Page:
Trust-But-Verify Thomas and the Power of Forgiveness

The culmination of retaining sins is the crucifixion, but the culmination of forgiveness is abundant life and joy.


“Have you believed because you have seen me? Blessed are those who have not seen and yet have come to believe.”

Far, far too often, these words, spoken to Thomas, are used to shame doubt and extol the virtues of an unquestioning faith. But deep faith seeks, explores, and questions, and that is exactly what trust-but-verify Thomas does. He has a scientific mind, and his need for evidence is a good model for us. And once he sees and touches Jesus’s wounds, he is the first to proclaim, “My Lord and my God!”

And those words have extraordinary meaning. God bears the wounds inflicted by human violence and injustice, the wounds of conquest and empire and oppression. God bears them in vulnerable flesh just like ours. God bears the wounds we endure and the wounds we inflict. And God responds to them all with mercy and healing and reaffirmation of human goodness and blessings and peace.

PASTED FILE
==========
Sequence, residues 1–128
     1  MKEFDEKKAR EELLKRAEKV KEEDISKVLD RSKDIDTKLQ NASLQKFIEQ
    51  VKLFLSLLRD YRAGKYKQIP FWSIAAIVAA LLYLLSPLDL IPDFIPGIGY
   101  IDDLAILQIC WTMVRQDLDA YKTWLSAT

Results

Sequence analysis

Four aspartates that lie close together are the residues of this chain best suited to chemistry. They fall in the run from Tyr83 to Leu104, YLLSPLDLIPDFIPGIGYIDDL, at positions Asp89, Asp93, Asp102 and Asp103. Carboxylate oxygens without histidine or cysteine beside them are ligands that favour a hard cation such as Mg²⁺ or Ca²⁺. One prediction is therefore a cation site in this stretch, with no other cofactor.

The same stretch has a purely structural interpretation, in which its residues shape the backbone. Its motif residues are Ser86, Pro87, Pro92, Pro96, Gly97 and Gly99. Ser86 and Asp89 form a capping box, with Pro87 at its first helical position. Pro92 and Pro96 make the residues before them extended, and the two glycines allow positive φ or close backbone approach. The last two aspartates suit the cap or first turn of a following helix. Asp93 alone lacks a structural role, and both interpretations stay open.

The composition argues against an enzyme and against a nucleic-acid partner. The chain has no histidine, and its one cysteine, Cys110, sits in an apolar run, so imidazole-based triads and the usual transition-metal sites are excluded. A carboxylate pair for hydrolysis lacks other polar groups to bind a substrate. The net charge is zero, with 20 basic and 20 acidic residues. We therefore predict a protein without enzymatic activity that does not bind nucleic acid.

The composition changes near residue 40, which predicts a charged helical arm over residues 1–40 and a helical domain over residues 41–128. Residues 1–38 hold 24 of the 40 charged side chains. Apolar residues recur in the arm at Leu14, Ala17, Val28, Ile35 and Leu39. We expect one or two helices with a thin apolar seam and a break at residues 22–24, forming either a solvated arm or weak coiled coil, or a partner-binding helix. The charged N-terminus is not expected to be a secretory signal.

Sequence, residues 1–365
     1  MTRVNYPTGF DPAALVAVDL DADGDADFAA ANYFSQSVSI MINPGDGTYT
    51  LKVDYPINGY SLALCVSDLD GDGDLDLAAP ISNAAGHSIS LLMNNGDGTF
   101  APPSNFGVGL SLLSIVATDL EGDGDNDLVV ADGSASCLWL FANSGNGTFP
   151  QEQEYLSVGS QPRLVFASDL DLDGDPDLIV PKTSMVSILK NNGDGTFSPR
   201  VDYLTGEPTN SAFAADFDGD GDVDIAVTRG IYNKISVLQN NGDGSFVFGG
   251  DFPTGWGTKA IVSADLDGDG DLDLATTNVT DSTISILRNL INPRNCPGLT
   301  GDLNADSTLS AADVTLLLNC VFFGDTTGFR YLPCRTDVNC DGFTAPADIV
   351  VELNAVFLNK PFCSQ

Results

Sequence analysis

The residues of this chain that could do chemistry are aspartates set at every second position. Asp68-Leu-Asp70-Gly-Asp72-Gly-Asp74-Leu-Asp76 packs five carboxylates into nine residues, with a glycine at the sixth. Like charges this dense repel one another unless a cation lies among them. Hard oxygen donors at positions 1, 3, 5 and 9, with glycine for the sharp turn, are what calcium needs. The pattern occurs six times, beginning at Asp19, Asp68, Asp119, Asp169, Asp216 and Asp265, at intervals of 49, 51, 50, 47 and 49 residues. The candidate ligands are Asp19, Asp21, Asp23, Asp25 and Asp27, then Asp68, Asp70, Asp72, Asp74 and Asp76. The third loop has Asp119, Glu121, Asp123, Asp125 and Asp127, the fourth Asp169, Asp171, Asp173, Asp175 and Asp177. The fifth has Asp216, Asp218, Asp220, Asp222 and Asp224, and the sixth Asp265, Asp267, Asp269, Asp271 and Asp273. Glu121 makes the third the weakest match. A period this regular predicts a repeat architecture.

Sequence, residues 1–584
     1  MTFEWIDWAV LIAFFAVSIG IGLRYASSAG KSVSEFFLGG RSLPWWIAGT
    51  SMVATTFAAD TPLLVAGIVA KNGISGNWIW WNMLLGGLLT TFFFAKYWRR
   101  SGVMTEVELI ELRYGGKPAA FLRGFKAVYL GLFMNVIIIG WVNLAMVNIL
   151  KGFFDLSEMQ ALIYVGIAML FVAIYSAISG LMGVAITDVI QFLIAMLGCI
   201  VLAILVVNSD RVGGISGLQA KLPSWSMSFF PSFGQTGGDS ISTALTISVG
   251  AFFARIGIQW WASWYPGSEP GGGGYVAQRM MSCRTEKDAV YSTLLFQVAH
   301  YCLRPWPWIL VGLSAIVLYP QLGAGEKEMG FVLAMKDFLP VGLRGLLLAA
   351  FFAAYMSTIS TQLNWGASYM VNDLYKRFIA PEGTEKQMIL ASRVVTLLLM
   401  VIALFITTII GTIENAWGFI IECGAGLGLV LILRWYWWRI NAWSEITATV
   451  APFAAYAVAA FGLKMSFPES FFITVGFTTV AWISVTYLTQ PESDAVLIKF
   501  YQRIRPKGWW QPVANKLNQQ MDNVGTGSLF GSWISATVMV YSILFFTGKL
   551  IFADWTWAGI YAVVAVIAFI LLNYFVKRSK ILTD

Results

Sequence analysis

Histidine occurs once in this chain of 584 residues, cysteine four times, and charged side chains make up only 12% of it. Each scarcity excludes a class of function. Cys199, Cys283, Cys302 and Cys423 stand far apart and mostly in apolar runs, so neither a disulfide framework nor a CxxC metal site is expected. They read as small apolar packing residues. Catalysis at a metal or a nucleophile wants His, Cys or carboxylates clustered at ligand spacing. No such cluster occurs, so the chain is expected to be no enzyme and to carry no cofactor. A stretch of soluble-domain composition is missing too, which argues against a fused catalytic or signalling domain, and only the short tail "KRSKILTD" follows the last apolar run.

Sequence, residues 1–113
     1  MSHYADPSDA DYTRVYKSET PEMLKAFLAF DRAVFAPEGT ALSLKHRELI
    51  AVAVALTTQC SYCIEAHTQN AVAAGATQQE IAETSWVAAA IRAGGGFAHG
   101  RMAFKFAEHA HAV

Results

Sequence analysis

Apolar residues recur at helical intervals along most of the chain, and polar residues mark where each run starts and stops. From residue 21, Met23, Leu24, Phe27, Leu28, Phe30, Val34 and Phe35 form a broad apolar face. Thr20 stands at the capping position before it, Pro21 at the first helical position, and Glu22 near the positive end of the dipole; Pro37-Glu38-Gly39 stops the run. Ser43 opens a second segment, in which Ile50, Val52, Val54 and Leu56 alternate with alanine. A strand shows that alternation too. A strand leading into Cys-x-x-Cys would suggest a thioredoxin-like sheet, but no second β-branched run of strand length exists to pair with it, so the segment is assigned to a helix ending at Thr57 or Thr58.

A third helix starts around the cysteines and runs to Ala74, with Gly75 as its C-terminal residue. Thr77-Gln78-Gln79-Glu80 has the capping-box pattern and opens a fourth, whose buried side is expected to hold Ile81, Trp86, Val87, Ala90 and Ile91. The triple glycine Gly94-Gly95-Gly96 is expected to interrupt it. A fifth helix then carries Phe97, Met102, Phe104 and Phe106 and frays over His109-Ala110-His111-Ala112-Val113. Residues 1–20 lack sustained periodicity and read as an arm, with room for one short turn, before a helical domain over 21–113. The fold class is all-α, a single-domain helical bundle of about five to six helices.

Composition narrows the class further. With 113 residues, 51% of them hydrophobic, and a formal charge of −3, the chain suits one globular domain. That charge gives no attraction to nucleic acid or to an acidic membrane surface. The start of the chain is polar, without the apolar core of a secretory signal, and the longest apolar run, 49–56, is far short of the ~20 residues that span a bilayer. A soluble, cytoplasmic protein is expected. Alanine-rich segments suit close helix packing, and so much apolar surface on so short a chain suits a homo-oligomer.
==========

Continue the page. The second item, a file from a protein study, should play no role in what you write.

All of the disciples, not just Thomas, were shaken by Jesus’s death. That first Easter, the rest of them were locked away for fear of the authorities, religious and political. (Fear of “the Jews” is a poor translation for religious authorities that has tragically perpetuated antisemitism. Furthermore, John’s Gospel downplays the fear of Rome that was very real to the disciples who had watched their lead suffer a Roman execution) Thomas, at least, was not locked away with them. Perhaps there’s a faithfulness in not being shut away in fear.

Jesus comes into that room and breathes the Holy Spirit upon his disciples. This is the spirit of forgiveness, the strength to return mercy for hate and fear and failure, so that cycles of violence can be broken by compassion. The power to forgive or retain sins has always belonged to us, to humanity. The culmination of retaining sins is the crucifixion, but the culmination of forgiveness is abundant life and joy.

Bonus: Who is the Beloved disciple? The answer may delight you!

The Olive

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